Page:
VP959 is offline  
Old 9th Sep 2020, 17:10
  #12 (permalink)  
 
Join Date: May 2004
Location: Москва/Ташкент
Age: 51
Posts: 834
Obviously the most worrisome aspect is the synthesis of data (and associated AI back-ends) that allows Google (and Apple) to build up a scarily accurate profile of a user that goes I imagine far far beyond what most people suspect. This includes (with GMail) semantic (aka meta) analysis of traffic (much like GCHQ and others perform on network traffic) so the profile becomes increasingly personal, including analysing linking to colleagues/friends and anyone else, as well as auto upload of images.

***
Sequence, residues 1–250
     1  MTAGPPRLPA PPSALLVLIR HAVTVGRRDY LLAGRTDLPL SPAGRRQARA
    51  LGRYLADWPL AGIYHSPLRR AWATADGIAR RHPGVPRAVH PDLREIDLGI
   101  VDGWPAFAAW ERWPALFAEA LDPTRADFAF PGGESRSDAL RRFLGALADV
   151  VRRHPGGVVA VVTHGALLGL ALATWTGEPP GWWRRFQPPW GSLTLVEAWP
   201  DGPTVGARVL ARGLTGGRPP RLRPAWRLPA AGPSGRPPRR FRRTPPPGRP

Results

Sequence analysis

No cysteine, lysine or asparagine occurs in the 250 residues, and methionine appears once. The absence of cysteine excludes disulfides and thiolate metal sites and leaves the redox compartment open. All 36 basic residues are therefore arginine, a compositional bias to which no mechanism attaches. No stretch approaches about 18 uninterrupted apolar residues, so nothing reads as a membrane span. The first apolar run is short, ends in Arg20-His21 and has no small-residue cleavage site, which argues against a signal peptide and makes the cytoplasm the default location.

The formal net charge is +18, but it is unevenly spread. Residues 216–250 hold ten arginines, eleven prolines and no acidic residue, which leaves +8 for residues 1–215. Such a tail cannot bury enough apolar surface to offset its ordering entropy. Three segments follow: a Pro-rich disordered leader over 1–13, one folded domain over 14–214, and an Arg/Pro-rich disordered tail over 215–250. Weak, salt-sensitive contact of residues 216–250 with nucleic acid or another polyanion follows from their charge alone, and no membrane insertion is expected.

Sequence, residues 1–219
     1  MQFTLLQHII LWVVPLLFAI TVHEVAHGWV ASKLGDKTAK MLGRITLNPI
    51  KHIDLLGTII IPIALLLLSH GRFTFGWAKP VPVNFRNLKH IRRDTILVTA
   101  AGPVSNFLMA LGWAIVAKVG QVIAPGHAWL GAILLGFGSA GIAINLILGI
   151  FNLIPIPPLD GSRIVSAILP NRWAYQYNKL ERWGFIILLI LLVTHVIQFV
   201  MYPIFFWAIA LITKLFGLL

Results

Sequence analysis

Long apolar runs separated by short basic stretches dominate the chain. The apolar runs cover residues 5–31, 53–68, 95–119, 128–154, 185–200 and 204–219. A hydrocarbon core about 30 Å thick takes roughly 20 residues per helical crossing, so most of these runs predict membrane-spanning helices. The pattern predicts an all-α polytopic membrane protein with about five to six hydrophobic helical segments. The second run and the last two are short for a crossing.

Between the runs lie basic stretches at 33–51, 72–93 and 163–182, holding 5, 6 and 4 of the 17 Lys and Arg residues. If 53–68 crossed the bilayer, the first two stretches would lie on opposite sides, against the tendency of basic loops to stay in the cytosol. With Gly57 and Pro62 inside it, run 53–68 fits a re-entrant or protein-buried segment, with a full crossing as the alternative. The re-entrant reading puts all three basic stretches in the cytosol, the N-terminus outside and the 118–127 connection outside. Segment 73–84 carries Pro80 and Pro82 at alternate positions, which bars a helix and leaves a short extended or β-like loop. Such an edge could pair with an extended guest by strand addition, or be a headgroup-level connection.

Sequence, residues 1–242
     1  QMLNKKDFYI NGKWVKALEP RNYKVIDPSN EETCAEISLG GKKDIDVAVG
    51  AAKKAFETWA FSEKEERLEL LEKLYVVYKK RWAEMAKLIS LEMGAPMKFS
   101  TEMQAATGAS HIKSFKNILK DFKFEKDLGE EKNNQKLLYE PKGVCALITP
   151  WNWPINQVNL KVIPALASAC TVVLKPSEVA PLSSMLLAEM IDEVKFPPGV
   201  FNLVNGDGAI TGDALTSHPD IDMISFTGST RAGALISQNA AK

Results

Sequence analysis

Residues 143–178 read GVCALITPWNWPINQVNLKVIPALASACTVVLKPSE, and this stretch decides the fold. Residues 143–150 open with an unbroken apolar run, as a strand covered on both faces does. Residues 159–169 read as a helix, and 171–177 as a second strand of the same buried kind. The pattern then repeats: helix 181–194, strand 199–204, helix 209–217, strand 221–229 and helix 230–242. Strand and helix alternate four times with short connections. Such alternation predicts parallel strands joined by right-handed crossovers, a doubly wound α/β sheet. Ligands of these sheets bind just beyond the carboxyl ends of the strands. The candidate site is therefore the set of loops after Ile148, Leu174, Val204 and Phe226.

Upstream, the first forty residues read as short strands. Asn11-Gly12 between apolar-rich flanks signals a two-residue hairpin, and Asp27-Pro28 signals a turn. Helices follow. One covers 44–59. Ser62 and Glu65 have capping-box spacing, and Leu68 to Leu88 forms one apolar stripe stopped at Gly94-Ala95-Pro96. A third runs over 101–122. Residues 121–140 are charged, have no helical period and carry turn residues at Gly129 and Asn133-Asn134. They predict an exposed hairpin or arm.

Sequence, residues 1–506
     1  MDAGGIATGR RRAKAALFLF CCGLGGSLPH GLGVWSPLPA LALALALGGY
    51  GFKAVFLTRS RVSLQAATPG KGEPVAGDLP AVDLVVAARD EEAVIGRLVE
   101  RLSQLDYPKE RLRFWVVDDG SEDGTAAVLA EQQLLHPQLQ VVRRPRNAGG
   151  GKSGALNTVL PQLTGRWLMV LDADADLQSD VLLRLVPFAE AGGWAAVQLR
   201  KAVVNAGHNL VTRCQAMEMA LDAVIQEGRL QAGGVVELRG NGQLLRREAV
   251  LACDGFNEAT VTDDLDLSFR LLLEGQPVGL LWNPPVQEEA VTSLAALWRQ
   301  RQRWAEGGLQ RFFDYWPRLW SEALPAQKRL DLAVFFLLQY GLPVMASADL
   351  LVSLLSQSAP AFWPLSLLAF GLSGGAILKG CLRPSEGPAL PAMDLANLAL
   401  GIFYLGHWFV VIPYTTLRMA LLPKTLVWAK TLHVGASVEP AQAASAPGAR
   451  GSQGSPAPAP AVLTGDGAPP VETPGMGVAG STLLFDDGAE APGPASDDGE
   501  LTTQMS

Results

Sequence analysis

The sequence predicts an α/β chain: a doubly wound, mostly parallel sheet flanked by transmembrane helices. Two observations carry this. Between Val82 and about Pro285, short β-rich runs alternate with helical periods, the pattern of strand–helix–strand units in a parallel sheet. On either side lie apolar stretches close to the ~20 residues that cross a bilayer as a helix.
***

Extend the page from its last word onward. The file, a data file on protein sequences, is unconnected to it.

The allowance of the closed source blob that is "Google Services" on the phone (which is mandatory if the Play Store is installed which pretty much covers 99% of phones) means all sort of trickery is likely abound.

Apple or Google - you are signing away your privacy for life.

Good point VP about the data!
flash8 is offline  
Old 10th Sep 2020, 14:27
  #13 (permalink)  
Cunning Artificer
 
Join Date: Jun 2001
Location: The spiritual home of DeHavilland
Age: 73
Posts: 3,121
I'm wondering what all the folk worrying about their "privacy" are hiding and why, if it's that important, they don't store their data on a separate stand-alone computer that isn't connected to any network? A Hardware Firewall.

I have no banking or other financial data on my laptop or phone. My address is a matter of record on the Electoral Roll. My date of birth is shown incorrectly on my social media accounts.

Last edited by Blacksheep; 10th Sep 2020 at 14:39.